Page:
Gabby Leibovich does not wear a suit to work. It’s one of his rules to building a successful startup.
It has been eight years since he and six mates began CatchOfTheDay, now one of Australia’s most recognised and respected deals sites.
“We started the site with the simple premise of offering just one unbeatable deal a day,” he said, adding “Most people told us we were crazy.”
“‘How can you build a business around offering only one product a day?’, they would say.
“Right from the outset we had a clear vision and understanding of the business we wanted to be and what we wanted to stand for.
“While this has been an evolving process over the past eight years, it’s no secret that much of our success has been based on embracing nine key values.”
And here they are:
1. Out-think the competition and execute faster
“Great ideas are just the beginning, taking these ideas and turning them into a profitable business is the key. We have never been overly corporate, which has allowed us to act fast once we have a lightbulb moment.”
2. Create ongoing win-win relationships with suppliers
“Without suppliers, you are nothing. Think of your suppliers as part of your business and make sure you finish the transaction on a good note. If they are upset, they will never be back and they will tell others. Always keep doors open and relationships alive.”
3. Look for new ways to delight customers
“Customers are king. Without them you have nothing. Our core business was always about selling people things they didn’t plan to buy so repeat purchasing is very important.”
“Our buyers love us for many reasons, but at the end of the day they need to love the products they paid for with their hard-earned cash. We all love unwrapping a parcel and trying on a pair of shoes with that “brand new” smell — the shoes smell a lot better when you’ve just saved $80 on them.”
4. Work hard, play hard
“No successful business is built on laziness, but rest assured that if your workmates are your friends, you will arrive at work with a smile and be a lot more productive. At The Catch Group we have always invested in culture and work happiness. Our building contains a gym, basketball court, barbecues, bicycles and a slide, and we often throw themed parties, like pyjama parties.”
5. Grow through positive word of mouth
“In our first six years we spent next to nothing on marketing and grew through positive word-of-mouth. That positive buzz came from great deals, full stop. Everyone loves to show off their latest purchase and reveal how much they saved on the latest toy or dress.”
“Top customer service is also a priority. We didn’t always have the best customer service in the early days, but it’s an area we’ve improved with phone support, longer hours and online chat, and it’s top class right now.”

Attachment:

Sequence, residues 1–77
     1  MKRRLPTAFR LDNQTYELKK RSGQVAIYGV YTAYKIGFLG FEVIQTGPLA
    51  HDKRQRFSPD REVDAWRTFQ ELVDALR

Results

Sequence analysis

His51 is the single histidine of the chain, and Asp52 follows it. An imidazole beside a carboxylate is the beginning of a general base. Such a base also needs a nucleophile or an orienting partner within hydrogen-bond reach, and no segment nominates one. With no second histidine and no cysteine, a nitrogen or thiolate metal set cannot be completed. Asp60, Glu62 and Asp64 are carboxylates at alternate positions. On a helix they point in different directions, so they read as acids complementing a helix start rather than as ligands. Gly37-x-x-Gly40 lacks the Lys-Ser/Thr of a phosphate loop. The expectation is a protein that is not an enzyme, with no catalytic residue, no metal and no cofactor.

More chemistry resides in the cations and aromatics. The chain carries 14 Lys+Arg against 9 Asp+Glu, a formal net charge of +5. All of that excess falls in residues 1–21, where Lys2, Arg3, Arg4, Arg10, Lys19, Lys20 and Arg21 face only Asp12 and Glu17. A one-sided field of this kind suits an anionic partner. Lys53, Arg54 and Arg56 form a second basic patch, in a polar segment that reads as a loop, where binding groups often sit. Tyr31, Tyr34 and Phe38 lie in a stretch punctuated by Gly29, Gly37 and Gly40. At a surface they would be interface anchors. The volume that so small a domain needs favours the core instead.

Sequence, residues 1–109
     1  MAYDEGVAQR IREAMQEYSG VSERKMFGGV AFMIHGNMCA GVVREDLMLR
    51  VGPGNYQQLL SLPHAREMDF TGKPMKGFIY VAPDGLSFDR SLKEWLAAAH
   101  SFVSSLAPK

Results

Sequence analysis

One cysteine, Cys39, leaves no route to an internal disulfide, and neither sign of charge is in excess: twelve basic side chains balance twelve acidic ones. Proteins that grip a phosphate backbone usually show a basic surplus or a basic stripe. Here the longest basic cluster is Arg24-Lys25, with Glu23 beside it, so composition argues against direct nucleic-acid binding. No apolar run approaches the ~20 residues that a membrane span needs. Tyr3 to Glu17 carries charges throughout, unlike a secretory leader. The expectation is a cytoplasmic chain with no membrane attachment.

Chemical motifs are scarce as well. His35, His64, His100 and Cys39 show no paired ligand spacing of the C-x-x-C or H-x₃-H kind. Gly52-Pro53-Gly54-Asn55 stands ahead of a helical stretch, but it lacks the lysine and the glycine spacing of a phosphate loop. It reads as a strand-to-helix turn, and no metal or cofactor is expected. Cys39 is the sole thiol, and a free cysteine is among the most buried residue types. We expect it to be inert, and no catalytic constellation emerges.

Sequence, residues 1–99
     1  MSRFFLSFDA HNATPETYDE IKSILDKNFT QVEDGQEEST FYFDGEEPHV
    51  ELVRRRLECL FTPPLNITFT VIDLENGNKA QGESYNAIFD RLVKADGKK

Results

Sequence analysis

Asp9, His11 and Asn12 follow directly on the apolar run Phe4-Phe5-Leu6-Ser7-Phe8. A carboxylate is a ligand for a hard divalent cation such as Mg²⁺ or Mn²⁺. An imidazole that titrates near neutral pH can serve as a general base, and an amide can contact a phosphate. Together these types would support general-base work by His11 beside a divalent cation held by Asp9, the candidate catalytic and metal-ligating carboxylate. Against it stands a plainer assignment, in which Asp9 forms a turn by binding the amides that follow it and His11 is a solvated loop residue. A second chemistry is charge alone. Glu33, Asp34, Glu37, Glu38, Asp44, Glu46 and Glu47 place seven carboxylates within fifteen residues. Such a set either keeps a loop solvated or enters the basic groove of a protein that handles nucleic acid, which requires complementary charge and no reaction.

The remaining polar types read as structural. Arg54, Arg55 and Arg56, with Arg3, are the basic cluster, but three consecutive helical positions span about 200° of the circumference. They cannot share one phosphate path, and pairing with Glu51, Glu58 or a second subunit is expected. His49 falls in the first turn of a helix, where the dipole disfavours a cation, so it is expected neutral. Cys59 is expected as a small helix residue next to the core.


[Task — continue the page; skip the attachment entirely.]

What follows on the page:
6. Everyone’s opinion counts — listen!
“Our business was never a dictatorship. What I truly love about this place is that because of our flat structure and our lack of hierarchy, anyone, no matter what part of the business they are in, has the ability to challenge us, speak up and change our future direction. We encourage collaboration, we hire the person, not the CV, and we give our staff the opportunities to change and the tools to grow and succeed.”
7. Create a family
“Families succeed with love, families break apart with criticism. Instead of criticism, we find coaching and encouraging people brings out the best in them. Though it was easier to be a family when there were 20 of us, we still try hard to make sure everyone is welcome and everyone feels that they contribute to our overall success.”
8. Be comfortable at work
“This is my “don’t wear suits” rule, which is not really a core value but says a lot about us. I personally hate suits and save them for weddings only. Work is not a wedding, work is about being yourself and allowing your creativity to burst out. How can it burst out if you’re all stiff and uncomfortable?”
9. Do more with less
“Startups don’t have spare cash to spend on nonsense and very early on need to develop a good sense of fund allocation. While we are no longer a startup (we now employ around 600 people on seven different sites), I am happy to say that our large and active office still behaves like a startup and is careful not to overspend. There’s nothing worse than turning into a CRAP company – a business that Can’t Return Any Profits. Dollars and sense!”
“I was going to add a 10th value to this list — be kind, be humble — but you should be practising this anyway. If we don’t treat each other as human, what’s the point of going into business?”